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Employment Law advice

Keeping on the right side of employment law

Employees are critical to the success of any organisation. It makes sense to protect them, and plenty of regulation has been passed to ensure that everyone is treated well at work. But employment law is often complex and regularly updated. Keeping up to date can feel like a never-ending task. That’s where we come in.

  • Reducing the risk of claims
    From recruitment to termination and everything in-between, our highly qualified consultants can assist with all of your employment law needs.
  • Preparing for tribunal
    We provide assistance with all documentation leading up to a tribunal and can prepare tribunal documentation up to and including representation at Employment Tribunal.
  • Managing tribunal costs
    Not only are tribunals time-consuming, they can also be expensive. Our service can be supported by an Employment Practices Liability Insurance Policy to enable your business to manage the cost.

How we can help

Our Employment Law team are qualified and legally trained consultants. They will remain on hand to support you, providing hands-on and commercially viable advice and assistance, either face-to-face or by phone and email. We help you navigate legislation and put in place procedures to protect you, your employees, and your business.

Our personal approach

We allocate each of our clients a dedicated consultant who will get to know your business and assist with any employment law query from start to finish. We will draft any relevant letters or documents required to deal with an employment issue (personalising these to suit your needs). We assist with formal investigations, as well as offer on-site assistance to attend meetings you hold with your employees (i.e. redundancy consultation or disciplinary meetings), or to discuss complex cases face to face.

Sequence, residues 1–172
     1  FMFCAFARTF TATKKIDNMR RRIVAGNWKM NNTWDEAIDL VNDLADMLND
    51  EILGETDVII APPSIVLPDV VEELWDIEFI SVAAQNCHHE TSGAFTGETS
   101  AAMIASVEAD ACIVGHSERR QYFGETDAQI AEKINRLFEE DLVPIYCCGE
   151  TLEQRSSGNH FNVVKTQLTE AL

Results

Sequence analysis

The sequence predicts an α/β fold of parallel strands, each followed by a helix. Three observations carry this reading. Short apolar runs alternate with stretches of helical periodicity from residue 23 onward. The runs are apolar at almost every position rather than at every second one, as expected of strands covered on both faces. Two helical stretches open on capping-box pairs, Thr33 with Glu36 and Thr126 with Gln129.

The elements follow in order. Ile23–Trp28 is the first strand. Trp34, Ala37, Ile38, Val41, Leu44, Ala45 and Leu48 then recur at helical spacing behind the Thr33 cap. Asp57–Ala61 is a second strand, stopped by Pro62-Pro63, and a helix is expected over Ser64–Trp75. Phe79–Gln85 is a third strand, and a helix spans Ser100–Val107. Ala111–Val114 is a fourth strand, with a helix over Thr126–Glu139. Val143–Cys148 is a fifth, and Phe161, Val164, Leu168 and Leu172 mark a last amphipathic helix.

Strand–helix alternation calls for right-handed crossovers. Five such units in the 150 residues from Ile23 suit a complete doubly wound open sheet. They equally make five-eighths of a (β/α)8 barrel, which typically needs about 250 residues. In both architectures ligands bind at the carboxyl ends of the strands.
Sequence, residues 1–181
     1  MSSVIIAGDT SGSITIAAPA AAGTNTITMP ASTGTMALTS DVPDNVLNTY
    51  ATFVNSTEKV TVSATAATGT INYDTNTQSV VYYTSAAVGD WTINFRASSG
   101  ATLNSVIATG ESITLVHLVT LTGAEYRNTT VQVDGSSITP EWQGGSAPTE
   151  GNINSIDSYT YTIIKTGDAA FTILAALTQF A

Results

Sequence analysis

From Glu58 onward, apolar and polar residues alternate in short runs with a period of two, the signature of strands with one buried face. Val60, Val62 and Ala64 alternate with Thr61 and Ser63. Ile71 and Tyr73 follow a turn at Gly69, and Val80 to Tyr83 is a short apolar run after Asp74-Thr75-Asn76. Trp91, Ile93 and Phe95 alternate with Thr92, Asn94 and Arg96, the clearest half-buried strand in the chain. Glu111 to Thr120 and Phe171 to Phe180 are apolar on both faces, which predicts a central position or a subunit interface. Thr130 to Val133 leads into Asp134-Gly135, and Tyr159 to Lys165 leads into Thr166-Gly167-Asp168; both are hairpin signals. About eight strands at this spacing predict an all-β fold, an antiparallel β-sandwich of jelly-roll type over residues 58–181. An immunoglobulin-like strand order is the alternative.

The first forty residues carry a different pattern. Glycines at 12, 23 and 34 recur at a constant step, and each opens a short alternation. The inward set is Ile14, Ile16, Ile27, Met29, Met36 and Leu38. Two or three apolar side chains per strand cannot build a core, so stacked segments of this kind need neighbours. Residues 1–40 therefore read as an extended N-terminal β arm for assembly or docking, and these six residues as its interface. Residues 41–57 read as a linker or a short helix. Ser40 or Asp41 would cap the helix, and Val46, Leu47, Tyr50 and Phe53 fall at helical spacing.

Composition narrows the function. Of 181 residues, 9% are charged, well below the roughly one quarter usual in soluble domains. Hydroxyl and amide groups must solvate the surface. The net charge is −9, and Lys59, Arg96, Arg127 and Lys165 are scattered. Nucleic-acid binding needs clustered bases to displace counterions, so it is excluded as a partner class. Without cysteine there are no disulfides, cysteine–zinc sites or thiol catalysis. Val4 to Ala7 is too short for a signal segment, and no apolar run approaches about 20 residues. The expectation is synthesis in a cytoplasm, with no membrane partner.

Access a wealth of knowledge 

As a client, you will have access to our employment law document library to support you in your decision making process. We can also help by undertaking gap analysis and identifying areas where your team could do with additional support. We provide the service and/or the training to support and upskill your internal team.

Our Employment Law services includes:

  • Access to a designated Employment Law Consultant to assist with any employment law queries via telephone, email and on site. This may include our attendance at disciplinary and grievance meetings.
  • Drafting any letters we advise clients to send to an employee, tailoring these to their business and the specifics of each case.
  • Drafting and updating contracts of employment and employee handbooks to bring these in line with any new employment legislation and ensure that they continue to reflect business needs.
  • Assisting with settlement negotiations and tribunal claims.

Dealing with ACAS Early Conciliation and preparing for tribunals

We can also be on hand to assist where the employment relationship has broken down or there has been an application for ACAS Early Conciliation. Our consultants can guide you through the process and conduct negotiations through ACAS to reach a satisfactory conclusion.

Preparing for a tribunal can be time consuming and stressful. We provide assistance with all documentation leading up to a tribunal and, where appropriate, can respond to and prepare tribunal documentation up to and including representation at Employment Tribunal.

Not only are tribunals time-consuming, they can also be expensive. Our Employment Law Assistance service can be supported by an Employment Practices Liability Insurance Policy to enable your business to manage the cost of Employment Tribunal compensatory awards and representation costs. This gives the benefit of being able to fix the costs associated with Employment Tribunal claims, whilst also allowing you the flexibility to depart from best practice as and when.

Frequently asked questions

Q
I have an employee who is not up to the job can I dismiss them?
A